A thermal Imager detects and displays surface temperatures only. The surface
temperature under normal conditions is the result of heat energy conduction
through the walls from a heated internal room. Moisture is an excellent
conductor of heat and when insulation is damp it can become a conductor
rather than an insulator.
When analysing thermal data, monochrome images are normally preferred
because of the wide range of grey tones of temperature that can be
differentiated by computer. There are of course no natural colours in the
long wave infra-red wavelength so we apply a palette of colours to the grey
tones. Colour images are very much easier for the naked eye to interpret so
both colour and monochrome are supplied.
To assist in analysing your aerial data a temperature palette is provided
for assessing temperature differences.
A measure of the ability of a surface to radiate energy as measured by the
ratio of the radiant flux per unit area to that radiated by a black body at
the same temperature.
Example:- Black body = 1.00
Red Rough House Brick = 0.93
Polished Aluminium = 0.095
A comprehensive emissivity list is available on request
Seeing Heat Energy
The human eye is designed to see visible light and colours as we know them
but below red or infra-red is beyond our capabilities. Infra-red light is
not visible but can be sensed and felt as warmth. An infra-red camera or
Thermal Imager detects heat energy and converts it to an electrical signal
which is then processed into an analogue representation of the subject.
Since there are no colours in the infra-red spectrum,
(8-14 microns) colour palettes are assigned to the grey tones to represent
Atoms and molecules are affected by magnetic and electrical components of
Different materials absorb and reflect thermal infra-red at different
wavelengths depending on the composition of each material. A heat
'signature' can therefore be assigned to each mineral. Visible light is also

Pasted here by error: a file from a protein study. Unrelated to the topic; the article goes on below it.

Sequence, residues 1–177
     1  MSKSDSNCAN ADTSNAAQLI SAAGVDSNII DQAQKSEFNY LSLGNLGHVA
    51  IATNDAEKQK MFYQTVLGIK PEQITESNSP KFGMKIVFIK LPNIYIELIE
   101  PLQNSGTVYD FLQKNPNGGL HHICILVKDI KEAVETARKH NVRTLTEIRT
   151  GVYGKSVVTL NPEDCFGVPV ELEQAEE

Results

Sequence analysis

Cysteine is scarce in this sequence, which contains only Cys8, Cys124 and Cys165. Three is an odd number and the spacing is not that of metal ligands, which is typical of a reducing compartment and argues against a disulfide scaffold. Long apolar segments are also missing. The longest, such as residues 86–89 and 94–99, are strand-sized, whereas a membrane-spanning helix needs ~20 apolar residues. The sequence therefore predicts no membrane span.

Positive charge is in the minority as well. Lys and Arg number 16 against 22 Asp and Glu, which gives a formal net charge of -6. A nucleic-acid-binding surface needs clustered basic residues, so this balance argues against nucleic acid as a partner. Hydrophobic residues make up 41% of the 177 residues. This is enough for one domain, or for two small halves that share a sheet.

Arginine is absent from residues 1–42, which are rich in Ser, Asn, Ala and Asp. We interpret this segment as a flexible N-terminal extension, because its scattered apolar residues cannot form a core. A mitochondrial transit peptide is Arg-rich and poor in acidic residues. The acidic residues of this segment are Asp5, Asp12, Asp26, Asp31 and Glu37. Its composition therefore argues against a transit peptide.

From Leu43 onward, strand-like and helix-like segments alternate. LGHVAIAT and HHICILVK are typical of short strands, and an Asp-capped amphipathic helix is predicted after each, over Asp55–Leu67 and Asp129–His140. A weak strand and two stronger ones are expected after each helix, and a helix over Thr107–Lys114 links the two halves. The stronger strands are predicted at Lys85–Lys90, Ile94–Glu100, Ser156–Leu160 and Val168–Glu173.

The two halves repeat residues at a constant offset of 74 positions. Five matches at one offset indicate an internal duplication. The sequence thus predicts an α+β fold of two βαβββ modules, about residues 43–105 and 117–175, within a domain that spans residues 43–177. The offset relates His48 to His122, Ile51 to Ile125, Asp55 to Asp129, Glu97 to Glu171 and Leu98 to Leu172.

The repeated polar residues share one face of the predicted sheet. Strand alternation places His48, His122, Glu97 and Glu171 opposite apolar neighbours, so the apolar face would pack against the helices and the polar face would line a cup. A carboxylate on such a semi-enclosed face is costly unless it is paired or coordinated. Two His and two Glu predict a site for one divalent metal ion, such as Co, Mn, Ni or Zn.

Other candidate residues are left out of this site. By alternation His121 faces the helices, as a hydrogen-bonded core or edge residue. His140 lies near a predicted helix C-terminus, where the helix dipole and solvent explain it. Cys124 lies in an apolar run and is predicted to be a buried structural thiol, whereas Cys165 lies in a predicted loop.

absorbed and reflected off materials at different wavelengths and we see
these as colours.
Flat Roofs - Example Application
Flat roofs are usually thermally imaged for heat loss during darkness but
can also be conducted during daylight under certain conditions. In general,
the main reason to thermally image a flat roof is to detect the presence of
moisture ingress beneath the roofing felt.
Moisture is an efficient conductor of heat energy. Wet or damp insulation
renders the insulation useless and it becomes a conductor which is worse
than having no insulation.
There are two methods of detecting the moisture;
1. to thermally image the roof surface for temperature anomalies at night or
on an overcast cold day to record conduction of heat from within a heated
building , or,
2. to record heat 'sink' into the roof on a warm day using solar energy as
the source of heat. Both method s are very effective.
For Archived Projects and Information visit
Centre for Alternative Technology.
Information about alternative/renewable technologies and energy
Energy Saving Trust.
Energy efficiency advice for domestic and small/medium enterprises.
Energy Action Grants Agency.
Information about the government grants scheme for energy efficiency.
Leeds Council - HECA page.
An explanation of the HECA act and the councils energy efficiency